Introduction – Materials
This is a larger than normal traditional picnic table, which at a push can seat eight adults.
The table is 2000mm (80″) long and the top is 800mm (32″) wide, so there’s plenty of room for a bit of food, too!
The complete unit is made out of 100mm x 50mm (2″x 4″) wood,
We have also added a plan for an end frame template to make the project just that much easier.
Wood: 45 meters (150ft) of 100mm x 50mm (2″x 4″) wood.
This amount includes the template and also allows for a bit of wastage.
Bolts: 16 galvanized coach/carriage bolts 10mm (3/8″) thick by 110mm (4 3/8″) long, or long enough to go through two thicknesses of wood plus enough to accommodate the nuts.
Also 16 nuts and washers to suit.
Nails: About a hundred 90mm (3 1/2″) long galvanized flat-head nails.
You will also need 1800mm (6ft) of metal strap and a handful of 30mm (1 1/4″) flat-head nails for the template.
NOTE ABOUT THE WOOD:
Use a dressed wood (smooth, planed, surfaced) that is suitable for outside use.
The actual thickness and width of the wood will be less than the nominal size or the size that you call the wood.
For example: A piece of 100mm x 50mm (2″x 4″) wood, when dressed (made smooth) will actually be more like 90mm x 45mm (1 1/2″x 3 1/2′).
However, that is not going to effect the overall dimensions of the project.
About the measurements
A bit about the measurements
The measurements throughout this projects are given in both millimeters and inches.
The abbreviation for millimeters is mm and the abbreviation for inches is “.
The metric (mm) measurements are given first, followed by the imperial (inch) measurements in brackets.
Example: 100mm x 50mm (2″ x 4″).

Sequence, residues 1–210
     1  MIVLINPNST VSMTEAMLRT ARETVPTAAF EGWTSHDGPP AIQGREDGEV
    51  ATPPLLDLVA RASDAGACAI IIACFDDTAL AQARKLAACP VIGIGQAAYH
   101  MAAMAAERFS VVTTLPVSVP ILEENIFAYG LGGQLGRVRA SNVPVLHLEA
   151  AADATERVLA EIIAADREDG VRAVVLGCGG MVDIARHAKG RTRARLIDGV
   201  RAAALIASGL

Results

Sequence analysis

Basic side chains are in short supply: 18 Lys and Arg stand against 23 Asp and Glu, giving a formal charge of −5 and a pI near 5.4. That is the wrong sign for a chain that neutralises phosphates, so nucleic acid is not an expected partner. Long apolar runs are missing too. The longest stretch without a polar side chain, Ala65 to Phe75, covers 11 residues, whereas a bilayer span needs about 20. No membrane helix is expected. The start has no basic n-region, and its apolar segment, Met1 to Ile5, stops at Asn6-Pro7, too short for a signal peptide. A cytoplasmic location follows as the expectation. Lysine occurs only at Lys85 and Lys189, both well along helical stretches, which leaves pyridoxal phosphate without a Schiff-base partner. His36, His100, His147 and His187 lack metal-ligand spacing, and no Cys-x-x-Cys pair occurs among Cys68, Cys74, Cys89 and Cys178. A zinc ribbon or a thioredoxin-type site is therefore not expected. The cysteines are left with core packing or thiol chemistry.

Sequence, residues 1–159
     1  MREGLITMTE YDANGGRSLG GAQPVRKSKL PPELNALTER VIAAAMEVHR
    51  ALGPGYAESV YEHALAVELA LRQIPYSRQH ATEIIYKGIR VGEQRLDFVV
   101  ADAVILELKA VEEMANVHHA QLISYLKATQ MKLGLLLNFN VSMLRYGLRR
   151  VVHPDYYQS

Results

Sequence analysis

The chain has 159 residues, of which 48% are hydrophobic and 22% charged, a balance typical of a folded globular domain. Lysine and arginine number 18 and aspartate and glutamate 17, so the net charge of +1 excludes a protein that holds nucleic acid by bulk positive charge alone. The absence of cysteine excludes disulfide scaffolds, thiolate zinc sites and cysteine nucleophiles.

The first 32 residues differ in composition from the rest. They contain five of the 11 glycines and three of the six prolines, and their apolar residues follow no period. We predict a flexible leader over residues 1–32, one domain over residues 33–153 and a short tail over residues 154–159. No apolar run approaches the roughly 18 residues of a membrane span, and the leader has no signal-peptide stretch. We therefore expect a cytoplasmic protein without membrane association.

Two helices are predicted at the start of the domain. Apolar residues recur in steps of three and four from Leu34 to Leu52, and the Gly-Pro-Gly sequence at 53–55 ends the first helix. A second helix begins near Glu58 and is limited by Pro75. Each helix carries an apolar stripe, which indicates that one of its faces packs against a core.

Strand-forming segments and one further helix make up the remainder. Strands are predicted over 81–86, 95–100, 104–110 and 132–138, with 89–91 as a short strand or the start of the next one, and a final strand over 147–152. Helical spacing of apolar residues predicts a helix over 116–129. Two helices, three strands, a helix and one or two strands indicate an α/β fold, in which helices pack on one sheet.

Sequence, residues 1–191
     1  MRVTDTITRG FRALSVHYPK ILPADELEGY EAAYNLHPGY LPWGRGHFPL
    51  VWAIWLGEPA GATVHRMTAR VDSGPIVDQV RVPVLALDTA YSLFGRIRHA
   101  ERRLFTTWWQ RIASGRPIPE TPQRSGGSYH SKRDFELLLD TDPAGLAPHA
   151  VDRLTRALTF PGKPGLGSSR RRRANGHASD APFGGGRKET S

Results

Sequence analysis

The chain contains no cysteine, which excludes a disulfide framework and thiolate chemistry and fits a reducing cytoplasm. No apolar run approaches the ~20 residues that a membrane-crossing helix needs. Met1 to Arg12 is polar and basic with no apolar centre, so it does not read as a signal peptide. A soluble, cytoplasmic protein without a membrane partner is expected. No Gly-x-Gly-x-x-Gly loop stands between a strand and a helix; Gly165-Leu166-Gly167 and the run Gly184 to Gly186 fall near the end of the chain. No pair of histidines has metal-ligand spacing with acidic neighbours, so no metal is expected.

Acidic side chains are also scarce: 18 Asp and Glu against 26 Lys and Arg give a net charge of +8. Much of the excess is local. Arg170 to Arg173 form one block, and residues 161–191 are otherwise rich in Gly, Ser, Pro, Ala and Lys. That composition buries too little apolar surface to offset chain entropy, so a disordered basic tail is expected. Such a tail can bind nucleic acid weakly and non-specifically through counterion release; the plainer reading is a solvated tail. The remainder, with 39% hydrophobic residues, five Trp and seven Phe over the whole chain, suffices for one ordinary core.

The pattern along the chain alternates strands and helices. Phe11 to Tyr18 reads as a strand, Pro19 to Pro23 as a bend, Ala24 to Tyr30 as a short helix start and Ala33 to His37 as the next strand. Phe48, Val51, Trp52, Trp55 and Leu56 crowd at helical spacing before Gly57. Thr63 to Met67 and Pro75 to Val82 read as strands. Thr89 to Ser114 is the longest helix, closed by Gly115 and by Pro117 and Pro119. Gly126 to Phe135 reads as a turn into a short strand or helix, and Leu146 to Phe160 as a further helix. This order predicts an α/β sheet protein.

However, the metric (mm) sizes do not convert exactly to the equivalent imperial (inch) sizes because the measurements are rounded to their respective commonly called sizes.
Example: A piece of 2″ x 4″ wood in North America is the equivalent of a piece of 100mm x 50mm wood in Australasia.
2″ x 4″ is not exactly the same size as 100mm x 50mm.
In fact, if 2″ x 4″ was converted into millimeters exactly it would be 101.6mm x 50.8 mm, and nobody really wants to be calling those sorts of sizes..
Also note that in North America the narrower side of the wood is called first (2 x 4), where as in Australasia the wider side is called first (100 x 50).
When the same piece of wood is made smooth (surfaced, dressed, planed), there is an even bigger discrepancy. 1 1/2″ x 3 1/2″ in North America compared to 90mm x 45mm in Australasia.
A project built using metric measurements will be approximately 1.6% smaller than the same project built using imperial (ft and in) measurements.
In this project the imperial measurements are suited to North America. The metric measurements are more suited to Australasia.
The plans followed by a list of the parts
Cutting the pieces
Step 1: Cut the pieces
- Cut all the pieces for the picnic table and the template according to the drawings below.
- Cut the longest pieces first to minimize wastage.